Great opportunity for European brown bears: a new study shows that there are still many areas in Europe, a vast 380,000 km2, where bears are extinct but with suitable habitat for hosting the species. An effective management of the species, including a reduction of direct pressures by humans (like hunting), has the potential to help these animals return in many of these areas, according to the head of the study. It is now important to plan the recovery of the species while taking measures to prevent conflicts.
Some 500 years ago, there were brown bears almost everywhere in Europe. However, in the following centuries they were wiped out in many places, including Germany. The reasons for the decline of bears were primarily habitat loss and hunting. Today, around 17,000 animals still live in Europe, distributed over 10 populations and 22 countries. Some of these populations are at risk due to their relatively small size.
Excellent opportunity for species conservation
In recent years, the hunting of brown bears has been banned or restricted in Europe. In the future, bears could recolonise parts of Europe. A new study, published on 9 July in the journal Diversity and Distributions, led by the German Centre for Integrative Biodiversity Research (iDiv) and Martin Luther University Halle-Wittenberg reveals: there are still many areas in Europe where there are currently no bears, but which would, in principle, be suitable as habitat. Of an estimated amount of more than one million km2 of suitable bear habitat in Europe, about 37% is not populated; equivalent to an area of about 380,000 km2. In Germany, there is 16,000 km2 of potential bear habitat. However, the probability of future recolonisation varies widely. For example in Germany, potential bear habitats outside the Alps are geographically isolated and unlikely for the bear to return naturally.
Dr Néstor Fernández, head of the study, German Centre for Integrative Biodiversity Research (iDiv) and Martin Luther University Halle-Wittenberg.
Scientists are already seeing around 70% of Europe’s populations recover, and it is likely that bears will return to some of the currently unoccupied areas. “In Germany, too, it is very likely that some areas will, sooner or later, be colonised by brown bears, especially in the Alpine region,” says Fernández. So, there is reason to hope that bears will be native to Germany once more, 200 years after their extermination.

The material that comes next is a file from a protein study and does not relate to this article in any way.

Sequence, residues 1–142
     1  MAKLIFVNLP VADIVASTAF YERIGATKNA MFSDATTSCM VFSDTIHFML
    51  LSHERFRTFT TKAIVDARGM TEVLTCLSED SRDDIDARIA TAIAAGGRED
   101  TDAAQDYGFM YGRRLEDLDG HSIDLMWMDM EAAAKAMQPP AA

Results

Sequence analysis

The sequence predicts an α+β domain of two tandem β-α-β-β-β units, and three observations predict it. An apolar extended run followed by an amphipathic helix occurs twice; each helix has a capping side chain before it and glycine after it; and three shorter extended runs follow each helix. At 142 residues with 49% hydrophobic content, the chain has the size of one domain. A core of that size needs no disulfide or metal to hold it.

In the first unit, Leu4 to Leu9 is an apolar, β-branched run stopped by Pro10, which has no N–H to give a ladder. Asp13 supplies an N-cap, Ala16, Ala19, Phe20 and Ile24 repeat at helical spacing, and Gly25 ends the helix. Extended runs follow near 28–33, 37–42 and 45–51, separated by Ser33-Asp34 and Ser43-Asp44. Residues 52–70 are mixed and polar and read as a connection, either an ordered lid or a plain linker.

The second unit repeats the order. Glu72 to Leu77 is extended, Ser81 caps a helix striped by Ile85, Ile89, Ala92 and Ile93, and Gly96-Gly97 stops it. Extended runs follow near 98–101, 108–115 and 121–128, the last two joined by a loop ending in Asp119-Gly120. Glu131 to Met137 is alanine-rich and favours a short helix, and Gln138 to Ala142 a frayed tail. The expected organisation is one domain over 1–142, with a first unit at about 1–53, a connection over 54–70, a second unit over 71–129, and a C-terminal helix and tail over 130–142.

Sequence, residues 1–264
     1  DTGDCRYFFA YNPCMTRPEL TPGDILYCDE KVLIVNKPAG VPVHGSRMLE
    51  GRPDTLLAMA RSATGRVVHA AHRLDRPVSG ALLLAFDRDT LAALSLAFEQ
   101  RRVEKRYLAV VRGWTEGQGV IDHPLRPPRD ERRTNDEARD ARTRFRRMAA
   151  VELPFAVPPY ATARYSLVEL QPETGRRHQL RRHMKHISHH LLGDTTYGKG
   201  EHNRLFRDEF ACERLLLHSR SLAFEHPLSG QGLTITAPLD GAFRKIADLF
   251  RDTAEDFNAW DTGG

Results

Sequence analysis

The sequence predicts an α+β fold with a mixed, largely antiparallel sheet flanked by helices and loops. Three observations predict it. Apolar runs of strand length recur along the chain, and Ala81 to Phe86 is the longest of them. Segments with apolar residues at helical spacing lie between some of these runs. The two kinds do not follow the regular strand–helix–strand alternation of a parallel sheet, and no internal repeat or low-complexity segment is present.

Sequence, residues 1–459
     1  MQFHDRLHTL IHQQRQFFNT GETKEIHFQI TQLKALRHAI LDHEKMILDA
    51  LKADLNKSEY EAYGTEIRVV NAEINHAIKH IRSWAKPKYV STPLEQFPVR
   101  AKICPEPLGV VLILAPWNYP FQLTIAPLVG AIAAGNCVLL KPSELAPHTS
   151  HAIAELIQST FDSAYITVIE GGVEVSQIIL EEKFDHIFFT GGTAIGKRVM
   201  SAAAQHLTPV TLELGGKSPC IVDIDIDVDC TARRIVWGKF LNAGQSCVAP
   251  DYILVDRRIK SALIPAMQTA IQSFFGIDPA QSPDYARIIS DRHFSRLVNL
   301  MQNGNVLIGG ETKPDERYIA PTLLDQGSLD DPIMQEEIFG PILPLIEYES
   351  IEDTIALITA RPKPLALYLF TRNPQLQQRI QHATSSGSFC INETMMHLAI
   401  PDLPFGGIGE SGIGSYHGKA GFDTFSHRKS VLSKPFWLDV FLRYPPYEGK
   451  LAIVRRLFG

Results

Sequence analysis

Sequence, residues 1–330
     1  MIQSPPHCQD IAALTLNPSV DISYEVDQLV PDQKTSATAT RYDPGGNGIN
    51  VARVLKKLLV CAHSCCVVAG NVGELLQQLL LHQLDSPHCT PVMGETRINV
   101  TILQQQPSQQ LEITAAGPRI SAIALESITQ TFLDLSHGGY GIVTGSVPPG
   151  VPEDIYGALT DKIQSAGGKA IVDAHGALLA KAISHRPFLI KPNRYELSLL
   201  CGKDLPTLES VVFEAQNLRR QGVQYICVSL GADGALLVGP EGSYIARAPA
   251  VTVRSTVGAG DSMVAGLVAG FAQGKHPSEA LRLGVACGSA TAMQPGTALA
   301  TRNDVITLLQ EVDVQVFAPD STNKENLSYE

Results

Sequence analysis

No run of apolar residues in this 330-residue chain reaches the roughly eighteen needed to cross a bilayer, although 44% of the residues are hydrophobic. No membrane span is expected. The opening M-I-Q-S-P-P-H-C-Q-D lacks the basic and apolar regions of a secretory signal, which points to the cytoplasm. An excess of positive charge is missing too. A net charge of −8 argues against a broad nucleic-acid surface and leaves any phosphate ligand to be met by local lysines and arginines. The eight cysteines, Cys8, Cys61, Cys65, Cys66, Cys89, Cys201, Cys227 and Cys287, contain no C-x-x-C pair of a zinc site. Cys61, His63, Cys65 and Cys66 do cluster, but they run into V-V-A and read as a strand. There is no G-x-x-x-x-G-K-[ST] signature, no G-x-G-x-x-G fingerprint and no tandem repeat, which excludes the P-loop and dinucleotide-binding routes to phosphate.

The brown bear (Ursus arctos) is one of the largest terrestrial mammals in the world. Brown bears living in northern Europe weigh about 200 kg, southern European animals only about half that. Brown bears are omnivores, but feed mainly on plant foods. They eat, for example, fruits, beechnuts, grasses, insects and carrion as well as smaller mammals such as voles. They rarely prey on larger animals. Brown bears hibernate and are usually solitary, but cubs can stay with their mothers for about two years. Brown bears were originally distributed throughout Eurasia, North America and North Africa. Of the ten populations which still exist in Europe today, four are made up of more than 1,000 individuals, while three comprise fewer than 60; among these is the population in the Alps. The largest European population, with more than 7,000 animals, is in the Carpathians. Despite the vulnerability of the small populations and their historic decline in all habitats due to habitat loss and hunting, the brown bear as a species has been assessed in 2016 and classified as Least Concern by the IUCN Red List of Threatened Species™.
For their study, Scharf and Fernández have collated the results of all relevant previous bear habitat studies. Each of those focused on a delimited area in which bears live, and, for this area, analysed which requirements the animals have for their habitat. By bringing together the results of these local studies, the scientists were able to create a computer model that would identify further potential bear habitat across Europe. The predictions made by this model are more reliable than if the data from one region were merely applied to the whole of Europe.
Pre-emptive action important
For many people this would probably be good news. “In recent years, the attitude of Europeans towards wildlife has changed a lot. Today, many people feel positive about the return of large mammals,” says Fernández. Nevertheless, the fact that bear comeback can lead to conflicts with some human activities needs to be considered at an early stage. Such conflicts mostly arise when bears eat crops or damage beehives, and they also occasionally attack sheep. Direct attacks by bears on humans are, however, extremely rare, bears themselves generally steer clear of people.
The map developed by Fernández and his colleague Anne Scharf (Max Planck Institute for Ornithology) makes it possible to predict the areas into which bears could return. These maps can help policymakers identify potential areas of conflict early and counter these with specifically targeted measures. For example, compensation payments should be coupled with preventive measures being taken in advance, explains Fernández. Such preventive measures can be, inter alia, the construction of physical barriers such as closures for, electric fences, or the use of guard dogs to protect fields and grazing pastures, and increasing public awareness. A look at the map also makes it clear; bears do not stick to national borders. “That’s why a common management policy for the brown bear and other wild animals at the European level would be desirable,” says Fernández. At present, policies between member states regarding the protection and management of bears is very heterogeneous, and there is disparity in how compensation schemes are structured in different states.
(Source: German Centre for Integrative Biodiversity Research media release, 24.07.2018)